Phone hacking fallout: Institutional indolence means Yates has to go

If Metropolitan Police Commissioner Sir Paul Stephenson bites the bullet and acts now Assistant Commissioner John Yates has to be in his sights, writes Kevin Meagher.

Following yesterday’s car crash performance before the home affairs select committee, the Metropolitan Police Commissioner, Sir Paul Stephenson, must be seething. He had to witness the spectacle of senior officers and former officers sitting in front of a parliamentary committee offering “lame” excuses for their failure to adequately investigate the phone hacking scandal in 2006, 2009 and 2010.

Step forward, head bowed, formed Deputy Assistant Commissioner Peter Clarke, who led the initial investigation into phone hacking back in 2006. Explaining his failure to expose what we now know to be widespread practices at the News of the World, he said:

“This is a major global organisation with access to the best legal advice, in my view [they were] deliberately trying to thwart a police investigation.”

His former boss, former Assistant Commissioner Andy Hayman, had little better to offer:

“What we look like now, it’s very lame. I think what’s happened is, I think we’ve had more time to do it, more revelations have come out, the News of the World have given us material that we didn’t have at the time.”

Meanwhile, current Assistant Commissioner John Yates – the man responsible for twice refusing to reopen the investigation into phone hacking in 2009 and 2010 – conceded that his decision had been “poor”.

He said:

“It is a matter of great concern that, for whatever reason, the News of the World appears to have failed to co-operate in the way that we now know they should have with relevant police inquiries…”

That three of the most senior police officers in the land could have been so easily put off investigating such serious allegations, and been so remiss in examining evidence that was already in their possession, beggars belief.

As Labour MP Chris Bryant has repeatedly pointed out, the tsunami of revelations we are currently witnessing originate from evidence the police have had in their possession since August 2006. This includes 11,000 pages of hand written notes and computer records from former News International private investigator Glen Mulcaire, including voice recordings of intercepted messages.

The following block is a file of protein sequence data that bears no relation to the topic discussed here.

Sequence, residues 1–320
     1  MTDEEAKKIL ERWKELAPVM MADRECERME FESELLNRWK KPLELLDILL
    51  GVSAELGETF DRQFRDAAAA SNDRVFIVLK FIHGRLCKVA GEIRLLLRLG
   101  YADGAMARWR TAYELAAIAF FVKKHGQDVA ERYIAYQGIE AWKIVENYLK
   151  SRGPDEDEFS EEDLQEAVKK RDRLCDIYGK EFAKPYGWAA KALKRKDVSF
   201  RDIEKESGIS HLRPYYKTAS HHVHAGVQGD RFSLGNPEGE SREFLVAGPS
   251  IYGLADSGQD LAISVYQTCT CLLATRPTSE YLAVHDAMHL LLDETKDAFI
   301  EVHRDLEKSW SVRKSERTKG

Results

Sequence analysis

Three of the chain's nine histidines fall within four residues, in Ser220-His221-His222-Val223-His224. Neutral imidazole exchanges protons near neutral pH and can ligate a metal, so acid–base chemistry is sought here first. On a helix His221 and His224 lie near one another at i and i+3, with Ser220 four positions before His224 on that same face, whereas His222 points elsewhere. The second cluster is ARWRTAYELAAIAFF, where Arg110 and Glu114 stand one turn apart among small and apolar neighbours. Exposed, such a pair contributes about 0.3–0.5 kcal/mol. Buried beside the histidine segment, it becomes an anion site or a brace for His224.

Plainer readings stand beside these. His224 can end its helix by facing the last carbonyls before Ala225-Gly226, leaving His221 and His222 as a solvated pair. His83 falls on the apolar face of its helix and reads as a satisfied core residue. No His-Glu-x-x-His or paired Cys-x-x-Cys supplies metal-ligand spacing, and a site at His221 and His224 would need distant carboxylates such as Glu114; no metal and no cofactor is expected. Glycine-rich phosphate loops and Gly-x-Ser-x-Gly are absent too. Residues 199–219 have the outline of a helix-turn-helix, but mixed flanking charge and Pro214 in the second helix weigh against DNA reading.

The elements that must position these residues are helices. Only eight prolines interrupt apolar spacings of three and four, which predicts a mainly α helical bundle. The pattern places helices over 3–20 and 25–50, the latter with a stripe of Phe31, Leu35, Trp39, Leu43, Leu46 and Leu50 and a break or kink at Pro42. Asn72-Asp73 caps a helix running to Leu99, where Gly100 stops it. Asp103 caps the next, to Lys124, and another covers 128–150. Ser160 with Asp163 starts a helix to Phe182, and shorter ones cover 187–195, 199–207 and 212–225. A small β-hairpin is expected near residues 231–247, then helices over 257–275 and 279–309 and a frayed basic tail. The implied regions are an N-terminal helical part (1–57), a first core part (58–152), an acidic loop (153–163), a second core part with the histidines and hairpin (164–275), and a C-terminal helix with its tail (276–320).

In this morning’s Guardian, investigative reporter Nick Davies assesses the evidence of Assistant Commissioner Yates. He was asked to “establish the facts” in his 2009 review of the case but conceded yesterday that he did not speak to Hayman and Clarke who ran the 2006 investigation, nor did he take legal advice or examine the contents of the material seized from Mulcaire in 2006.

The MacPherson report back in 1999 memorably described the Met having a problem with “institutional racism”. It seems it also has a problem with institutional indolence too.

Conspiracy theories will doubtless abound as to why the police failed to act, taking the News of the World’s assurances seemingly at face value – even when damning evidence to the contrary was in their possession. Former Assistant Commissioner Hayman yesterday even admitted having “businesslike” dinners with representatives of the News of the World, even while the phone hacking inquiry he oversaw was taking place.

Just as the media needs to clean out its stable in order to regain public trust and credibility, so, too, does the Met. A full-blown crisis beckons. The question for Sir Paul is whether to wait until the judicial inquiry compels him to act, or whether he starts that process immediately.

The danger for the Met is that it makes the same mistake as News International by compounding its initial ‘crime’ with the dismal public presentation of its case.

If he bites the bullet and acts now Assistant Commissioner Yates has to be in his sights. His failure to do justice to this issue is manifest and despite Sir Paul’s perfunctory backing yesterday, Yates is emblematic of the police’s faltering handling of this whole sorry saga. His apologies now and unconvincing performances do little to help his – or the Met’s – case. In a bid to turn a new page he should go, immediately.

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